Sunday, January 29, 2012

Author Insides - Jonathan Slusher

Jonathan Slusher is a native of the Garden State, now living in the San Francisco Bay area. He has a MS in Environmental Science and has spent the past six years — two of those abroad in France — as a stay at home father. You can find recent work by Jonathan in Paper Darts Magazine, Toasted Cheese Literary Journal, and on his webpage at www.waterlanding.net.

Jonathan's short story "That Far to Deep River" appeared in the Autumn 2011 issue of The Battered Suitcase.


When did you first realize you wanted to be a writer? 

I realized that I wanted to be a writer gradually alongside with my reluctant acceptance of being a failure as a conversationalist.

Why do you write?

I’m not a quick thinker. Writing gives me a second chance to come up with all of the things that I wish I’d said in person. Also, whether writing them down or just imagining, creating stories is a great way to get someplace else, straightaway.

Is being a writer/poet anything like you imagined it would be?

I am still only in the beginning stages of taking myself seriously as a writer. I want to continue to write purely for pleasure, but I do shamefully admit indulging in the occasional delusion of grandeur.

What do you think makes a good story?

This is hard to say, but I prefer good story telling that is enhanced, not overly enriched with straightforward, meaningful prose.

What's your favorite genre to read?

Literary fiction is my favorite genre, but I am also not ashamed to admit being a huge fan of Robert Parker, J.K. Rowling, and Carlos Ruiz Zafón.

Who is your favorite author or poet? 

If I have to choose one favorite author I’ll go with Paul Auster. He’s so bold. Not every book is one my favorites, but each is almost always a new invention in itself. I read The Book of Illusions years ago and it is still very fresh in my mind.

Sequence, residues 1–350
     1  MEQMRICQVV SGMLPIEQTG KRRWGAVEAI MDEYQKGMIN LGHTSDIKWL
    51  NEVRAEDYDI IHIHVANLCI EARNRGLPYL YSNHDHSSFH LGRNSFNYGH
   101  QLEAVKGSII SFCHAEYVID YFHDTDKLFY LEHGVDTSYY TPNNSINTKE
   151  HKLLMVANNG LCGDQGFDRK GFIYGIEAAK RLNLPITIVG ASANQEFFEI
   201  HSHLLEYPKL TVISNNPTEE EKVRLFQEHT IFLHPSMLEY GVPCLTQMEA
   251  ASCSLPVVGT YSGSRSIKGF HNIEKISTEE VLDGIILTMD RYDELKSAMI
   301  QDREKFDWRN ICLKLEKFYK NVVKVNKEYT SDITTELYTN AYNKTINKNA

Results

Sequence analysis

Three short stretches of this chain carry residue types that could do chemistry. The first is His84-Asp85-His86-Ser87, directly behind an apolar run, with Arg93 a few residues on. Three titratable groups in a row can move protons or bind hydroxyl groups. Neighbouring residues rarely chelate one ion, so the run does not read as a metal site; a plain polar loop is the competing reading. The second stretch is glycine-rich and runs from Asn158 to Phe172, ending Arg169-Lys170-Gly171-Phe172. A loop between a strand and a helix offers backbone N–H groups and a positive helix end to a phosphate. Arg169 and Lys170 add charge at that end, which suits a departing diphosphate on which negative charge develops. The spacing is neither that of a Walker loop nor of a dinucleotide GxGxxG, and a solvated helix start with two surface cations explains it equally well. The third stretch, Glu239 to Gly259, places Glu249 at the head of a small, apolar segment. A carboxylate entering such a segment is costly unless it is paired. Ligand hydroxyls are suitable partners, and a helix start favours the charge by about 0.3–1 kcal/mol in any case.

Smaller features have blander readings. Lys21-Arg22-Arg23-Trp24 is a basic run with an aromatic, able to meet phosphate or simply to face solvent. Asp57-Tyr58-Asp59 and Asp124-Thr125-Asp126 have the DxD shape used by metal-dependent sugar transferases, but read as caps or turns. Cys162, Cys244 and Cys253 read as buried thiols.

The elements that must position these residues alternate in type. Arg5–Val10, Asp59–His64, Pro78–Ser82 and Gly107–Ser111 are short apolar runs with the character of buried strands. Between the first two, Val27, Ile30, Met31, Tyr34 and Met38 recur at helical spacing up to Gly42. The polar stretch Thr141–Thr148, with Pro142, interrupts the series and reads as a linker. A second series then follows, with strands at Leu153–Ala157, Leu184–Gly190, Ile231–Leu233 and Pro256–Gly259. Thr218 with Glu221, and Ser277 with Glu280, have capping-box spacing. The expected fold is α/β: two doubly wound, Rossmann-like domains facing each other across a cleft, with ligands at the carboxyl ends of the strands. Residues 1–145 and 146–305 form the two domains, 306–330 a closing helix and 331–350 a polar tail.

What books or stories have most influenced you the most as a writer?

The short stories of T.C. Boyle make me want to search harder for my own secret formula.

What books or stories have most influenced you as a person? 

Even during the times when everything I owned fit neatly into a few plastic clothing baskets I’ve always kept a perfectly worn out, hardcover copy of Zen and the Art of Motorcycle Maintenance. It isn’t even one of my all time favorites, but it was the book that made me crave stories with a purpose.

Where/how do you find the most inspiration?

I have a lot of story ideas that I’d like to get out, but don’t always know how. Attempting to find the right words to bring these ideas to life can be inspiring, sometimes it can be frustrating, and the challenge can be good or bad depending on my state of mind.

What is your work schedule like when you're writing?

Although it would probably be a good idea I don’t have much of a schedule. I do, however seem to make far better use of my free time when I don’t have very much of it.

Do you have any writing quirks or rituals? 

Early morning at the kitchen table when everything is still and I have a strong cup of coffee within arm’s reach: that’s the most fruitful setup there is.

Is there anything you find particularly challenging in your writing?

Editing is hard for me. The waiting aspect of publishing is extremely tough. I also still regret self publishing my first novel.

What are your current projects?

I’m just finishing The Room Above the Garage, which is a short story about a jealous husband –who is supposed to be out of town--lying in wait in the room above the garage to find out if his wife is cheating on him. He’s worried about getting caught and he can’t decide how many evenings will be enough to ease his suspicion. As usual, I have no idea if it will be worthy of publishing or doomed to join the collection of other duds lurking throughout the unorganized files on my hard drive.

What are you planning for future projects?

I’d like start working on a second novel. The first one took me almost two years and I gained fifteen extra pounds. I’m just now finally getting back in shape.

Do you have any advice for other writers? 

Try your best to write for your own enjoyment and avoid getting bogged down with worrying about how your writing will be received by others.

Where can we find your work? 

You can find my work in Paper Darts Magazine and Toasted Cheese Literary Journal. I also have a personal website at waterlanding.net